Judicial activism

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In a comment on Crooked Timber, Dan Simon writes:
Jet, I'm using "judicial activism" in the only sense in which it makes sense to me: the (ab)use of judicial authority to overrule democratically enacted laws. And yes, Pat, many hypocrites do "tend to love it or hate it depending on whether it goes their way" but I'm not one of them. I take a principled stand against it, irrespective of its political direction in any particular case.

Dan's position is that (at least as stated above) seems to embody a complete rejection of judicial review. Congress were to pass a law that directly violated the Constitution (e.g. declaring Christianity the national religion and banning the practice of Islam) then Dan's position would imply objecting to the Supreme Court overruling said law. It seems to me that there are two primary positions that are consistent with this view:

  1. The government should be a pure democracy without any limitations on the popular will.
  2. There should be limitations on the popular will but it's not the court's job to enforce them.

Now, (1) is certainly a reasonable position in some political science sense (though I think that the public choice literature indicates that it's a bad idea), but I think it's pretty clear that it's not the form of government we have. It's pretty clear in the Constitution that in the US system the government is at least nominally constrained by certain rules. Indeed, the oaths taken by Senators, Representatives, and the President explicitly commit them to support and defend the Constitution. So, that leaves us with (2).

The question at hand, then is what check there is against those officers violating their oaths and acting in an unconstitutional fashion. One view would be that there's no check other than voting them out of office. However, if you believe, as I do, that many of the activities that Congress has historically been willing to engage in are blatantly unconstitutional, then this is fairly small comfort, since we're more or less back to unrestricted democracy, which, while perhaps fine, isn't the system we're supposed to have.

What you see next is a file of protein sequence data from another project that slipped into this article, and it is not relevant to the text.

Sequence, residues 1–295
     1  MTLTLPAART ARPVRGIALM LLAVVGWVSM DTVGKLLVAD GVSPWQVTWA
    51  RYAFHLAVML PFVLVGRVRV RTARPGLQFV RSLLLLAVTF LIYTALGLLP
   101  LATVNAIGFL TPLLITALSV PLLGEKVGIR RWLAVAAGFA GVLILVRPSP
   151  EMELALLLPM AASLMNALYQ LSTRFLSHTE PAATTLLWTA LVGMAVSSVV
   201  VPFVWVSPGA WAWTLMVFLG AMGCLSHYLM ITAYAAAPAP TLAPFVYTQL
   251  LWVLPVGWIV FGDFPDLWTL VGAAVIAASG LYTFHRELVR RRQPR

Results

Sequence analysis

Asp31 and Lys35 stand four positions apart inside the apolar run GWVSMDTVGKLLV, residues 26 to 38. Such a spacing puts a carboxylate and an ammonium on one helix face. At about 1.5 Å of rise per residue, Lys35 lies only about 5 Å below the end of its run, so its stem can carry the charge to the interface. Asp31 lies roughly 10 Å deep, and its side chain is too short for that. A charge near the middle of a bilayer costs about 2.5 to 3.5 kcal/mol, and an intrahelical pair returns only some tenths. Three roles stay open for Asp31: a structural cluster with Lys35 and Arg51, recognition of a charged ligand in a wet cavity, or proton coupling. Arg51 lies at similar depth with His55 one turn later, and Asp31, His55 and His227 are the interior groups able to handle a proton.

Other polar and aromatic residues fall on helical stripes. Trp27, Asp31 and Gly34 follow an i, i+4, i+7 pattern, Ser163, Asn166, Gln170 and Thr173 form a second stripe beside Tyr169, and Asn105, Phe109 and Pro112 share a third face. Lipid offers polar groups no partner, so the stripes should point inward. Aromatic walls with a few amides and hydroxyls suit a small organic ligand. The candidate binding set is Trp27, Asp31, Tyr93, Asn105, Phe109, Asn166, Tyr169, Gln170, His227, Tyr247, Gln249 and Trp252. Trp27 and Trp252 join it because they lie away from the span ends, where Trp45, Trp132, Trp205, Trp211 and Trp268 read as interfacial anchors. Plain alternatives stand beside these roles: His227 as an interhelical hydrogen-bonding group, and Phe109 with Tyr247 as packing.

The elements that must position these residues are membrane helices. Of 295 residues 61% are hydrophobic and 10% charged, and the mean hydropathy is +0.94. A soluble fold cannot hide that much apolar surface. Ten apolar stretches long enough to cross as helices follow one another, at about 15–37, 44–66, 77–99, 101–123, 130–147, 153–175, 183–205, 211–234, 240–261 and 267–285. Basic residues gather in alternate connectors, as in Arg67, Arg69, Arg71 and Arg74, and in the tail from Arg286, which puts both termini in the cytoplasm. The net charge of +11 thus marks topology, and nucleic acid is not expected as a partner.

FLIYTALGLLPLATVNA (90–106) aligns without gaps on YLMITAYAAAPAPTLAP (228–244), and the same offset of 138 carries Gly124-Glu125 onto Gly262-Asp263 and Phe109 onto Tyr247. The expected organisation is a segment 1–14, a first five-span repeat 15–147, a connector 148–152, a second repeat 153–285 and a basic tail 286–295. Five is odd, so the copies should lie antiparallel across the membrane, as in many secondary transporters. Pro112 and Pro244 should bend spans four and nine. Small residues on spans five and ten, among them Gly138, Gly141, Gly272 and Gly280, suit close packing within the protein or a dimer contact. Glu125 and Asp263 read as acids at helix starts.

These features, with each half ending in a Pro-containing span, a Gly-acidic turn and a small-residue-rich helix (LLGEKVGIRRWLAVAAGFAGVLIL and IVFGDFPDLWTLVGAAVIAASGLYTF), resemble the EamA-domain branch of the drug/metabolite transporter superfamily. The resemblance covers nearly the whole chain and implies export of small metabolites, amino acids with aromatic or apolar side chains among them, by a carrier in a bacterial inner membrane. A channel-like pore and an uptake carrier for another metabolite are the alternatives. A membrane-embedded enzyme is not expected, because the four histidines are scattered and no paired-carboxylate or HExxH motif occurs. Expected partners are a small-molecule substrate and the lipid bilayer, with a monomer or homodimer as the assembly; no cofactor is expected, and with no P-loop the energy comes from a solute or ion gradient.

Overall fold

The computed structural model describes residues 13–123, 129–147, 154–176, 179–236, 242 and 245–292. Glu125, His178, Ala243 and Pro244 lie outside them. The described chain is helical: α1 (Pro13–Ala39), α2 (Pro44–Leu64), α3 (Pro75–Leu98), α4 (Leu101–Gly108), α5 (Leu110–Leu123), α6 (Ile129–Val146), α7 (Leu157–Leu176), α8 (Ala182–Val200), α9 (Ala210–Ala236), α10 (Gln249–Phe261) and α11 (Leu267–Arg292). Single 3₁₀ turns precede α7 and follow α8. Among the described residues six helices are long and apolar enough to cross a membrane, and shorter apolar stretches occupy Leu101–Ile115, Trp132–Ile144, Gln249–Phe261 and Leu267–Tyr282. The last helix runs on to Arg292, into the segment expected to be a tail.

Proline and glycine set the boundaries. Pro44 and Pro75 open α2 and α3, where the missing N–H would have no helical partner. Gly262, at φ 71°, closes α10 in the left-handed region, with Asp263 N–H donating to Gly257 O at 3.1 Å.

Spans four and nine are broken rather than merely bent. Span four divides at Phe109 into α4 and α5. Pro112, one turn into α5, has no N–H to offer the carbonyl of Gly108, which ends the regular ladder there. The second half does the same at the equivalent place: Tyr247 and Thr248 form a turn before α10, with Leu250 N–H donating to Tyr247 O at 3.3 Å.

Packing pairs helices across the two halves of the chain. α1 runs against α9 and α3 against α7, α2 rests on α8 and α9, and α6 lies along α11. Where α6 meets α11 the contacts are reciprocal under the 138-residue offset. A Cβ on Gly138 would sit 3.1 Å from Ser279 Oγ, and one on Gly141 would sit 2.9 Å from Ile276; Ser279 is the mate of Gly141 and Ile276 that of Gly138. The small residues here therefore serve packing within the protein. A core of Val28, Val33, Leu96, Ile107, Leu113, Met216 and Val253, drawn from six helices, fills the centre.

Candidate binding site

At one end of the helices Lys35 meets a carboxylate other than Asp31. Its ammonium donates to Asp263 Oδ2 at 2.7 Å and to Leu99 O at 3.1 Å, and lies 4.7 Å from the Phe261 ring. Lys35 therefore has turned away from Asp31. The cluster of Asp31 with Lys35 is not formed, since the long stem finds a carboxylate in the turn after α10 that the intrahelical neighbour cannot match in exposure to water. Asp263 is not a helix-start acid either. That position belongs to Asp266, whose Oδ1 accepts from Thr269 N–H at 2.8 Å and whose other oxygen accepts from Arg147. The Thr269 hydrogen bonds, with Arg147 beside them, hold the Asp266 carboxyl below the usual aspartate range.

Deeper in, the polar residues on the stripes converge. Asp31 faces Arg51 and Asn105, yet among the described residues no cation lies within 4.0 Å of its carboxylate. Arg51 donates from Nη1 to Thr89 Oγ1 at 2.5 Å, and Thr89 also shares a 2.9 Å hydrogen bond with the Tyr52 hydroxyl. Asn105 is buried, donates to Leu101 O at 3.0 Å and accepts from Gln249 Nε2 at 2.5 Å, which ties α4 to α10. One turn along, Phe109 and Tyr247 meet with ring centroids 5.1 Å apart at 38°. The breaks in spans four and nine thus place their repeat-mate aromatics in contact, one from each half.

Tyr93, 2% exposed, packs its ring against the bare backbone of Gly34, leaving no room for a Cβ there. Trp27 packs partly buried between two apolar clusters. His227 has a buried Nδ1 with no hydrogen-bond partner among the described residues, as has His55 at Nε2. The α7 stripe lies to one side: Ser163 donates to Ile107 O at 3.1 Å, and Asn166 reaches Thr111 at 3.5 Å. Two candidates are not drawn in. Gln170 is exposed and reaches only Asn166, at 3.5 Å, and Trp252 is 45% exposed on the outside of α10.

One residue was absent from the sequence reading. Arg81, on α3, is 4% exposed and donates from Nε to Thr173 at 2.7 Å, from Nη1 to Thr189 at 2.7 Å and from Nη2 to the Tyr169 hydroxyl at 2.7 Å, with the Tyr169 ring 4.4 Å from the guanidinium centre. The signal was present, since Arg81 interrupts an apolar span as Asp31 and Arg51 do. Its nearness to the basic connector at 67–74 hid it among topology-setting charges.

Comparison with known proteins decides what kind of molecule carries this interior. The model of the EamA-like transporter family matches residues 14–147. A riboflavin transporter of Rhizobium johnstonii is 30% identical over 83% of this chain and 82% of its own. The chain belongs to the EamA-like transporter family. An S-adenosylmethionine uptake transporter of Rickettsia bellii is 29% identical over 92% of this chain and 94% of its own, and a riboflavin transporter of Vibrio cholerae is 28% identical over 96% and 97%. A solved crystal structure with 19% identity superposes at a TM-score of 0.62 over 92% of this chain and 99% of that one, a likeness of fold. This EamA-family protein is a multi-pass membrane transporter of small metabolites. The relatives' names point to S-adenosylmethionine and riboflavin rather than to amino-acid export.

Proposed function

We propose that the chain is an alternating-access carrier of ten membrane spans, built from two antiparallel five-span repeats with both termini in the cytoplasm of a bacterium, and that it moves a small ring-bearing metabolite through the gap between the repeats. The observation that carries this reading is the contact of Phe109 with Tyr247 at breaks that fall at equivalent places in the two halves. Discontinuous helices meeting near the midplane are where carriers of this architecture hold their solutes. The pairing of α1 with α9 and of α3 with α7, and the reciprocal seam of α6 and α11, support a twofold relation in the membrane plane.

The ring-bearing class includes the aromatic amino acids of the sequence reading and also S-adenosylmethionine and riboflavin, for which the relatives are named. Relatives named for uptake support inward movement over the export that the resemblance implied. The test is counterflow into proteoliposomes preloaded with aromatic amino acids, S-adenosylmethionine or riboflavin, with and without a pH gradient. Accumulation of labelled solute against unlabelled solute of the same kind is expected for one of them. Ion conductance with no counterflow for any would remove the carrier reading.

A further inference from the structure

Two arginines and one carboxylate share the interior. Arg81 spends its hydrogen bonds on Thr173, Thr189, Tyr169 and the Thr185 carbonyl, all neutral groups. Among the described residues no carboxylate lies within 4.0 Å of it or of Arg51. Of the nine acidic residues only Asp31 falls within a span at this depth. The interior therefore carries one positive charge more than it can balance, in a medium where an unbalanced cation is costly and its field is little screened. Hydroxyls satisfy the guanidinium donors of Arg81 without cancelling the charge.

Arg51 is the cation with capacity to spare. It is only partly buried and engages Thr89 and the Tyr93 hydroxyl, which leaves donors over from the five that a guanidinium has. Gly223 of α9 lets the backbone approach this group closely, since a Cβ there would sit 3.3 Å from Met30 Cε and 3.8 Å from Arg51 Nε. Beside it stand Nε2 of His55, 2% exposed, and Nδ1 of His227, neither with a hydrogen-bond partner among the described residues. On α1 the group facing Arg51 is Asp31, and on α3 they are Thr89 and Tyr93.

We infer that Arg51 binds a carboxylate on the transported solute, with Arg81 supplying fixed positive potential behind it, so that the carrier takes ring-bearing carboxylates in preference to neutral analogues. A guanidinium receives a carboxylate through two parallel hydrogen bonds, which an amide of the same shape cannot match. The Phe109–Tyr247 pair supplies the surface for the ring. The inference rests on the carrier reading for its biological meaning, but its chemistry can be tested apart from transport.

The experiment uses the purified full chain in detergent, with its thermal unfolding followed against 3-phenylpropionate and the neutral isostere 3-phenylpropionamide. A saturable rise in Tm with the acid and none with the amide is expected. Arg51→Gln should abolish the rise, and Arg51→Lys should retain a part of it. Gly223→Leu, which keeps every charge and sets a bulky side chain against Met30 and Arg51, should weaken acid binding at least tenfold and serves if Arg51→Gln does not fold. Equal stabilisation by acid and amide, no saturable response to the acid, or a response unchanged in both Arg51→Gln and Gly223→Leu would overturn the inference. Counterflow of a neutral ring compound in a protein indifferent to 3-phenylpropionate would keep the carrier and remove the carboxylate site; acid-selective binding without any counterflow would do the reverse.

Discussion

None of this is to say, of course, that I think that every time the Supremes rule a law unconstitutional they've made the right decision. The question is whether as a structural matter they should be able to do so at all. And if you think they shouldn't, then what's the point of having a constitution that limits the power of the government?

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9 Comments

For starters, I always thought judicial activism was more than just judges striking down democratically enacted law. In fact, I've always thought the biggest complaint with regard to judicial activism was that judges were creating laws for what seems like thin air.

Anyway, I think you are right in that we cannot have the Congress run around unchecked (one could argue that even without the courts, there is still the Presidential veto). But the scenario you have cited seems to be very simplistic. A better complaint about judicial activism is perhaps the courts striking down gay marriage bans based on vague interpretation of state constitutions. Not that I'm for banning gay marriage, but I do wonder where some courts have found such laws to be constitutional violations.

ekr:

A decent chunk of the public choice literature would say it doesn't matter what individual preference aggregation mechanism you have, you still can't say anything about what "the public" prefers.

To clarify, I do see judicial review as potentially having a productive, if limited, role to play in a democracy: protecting democracy itself from subversion by elected officials. This role is similar to that of a hereditary monarch in a constitutional monarchy, who is responsible for ensuring that elected officials can't use their powers to crush democratic opponents and seize dictatorial control of the country--much as Juan Carlos did in Spain during the early post-Franco era.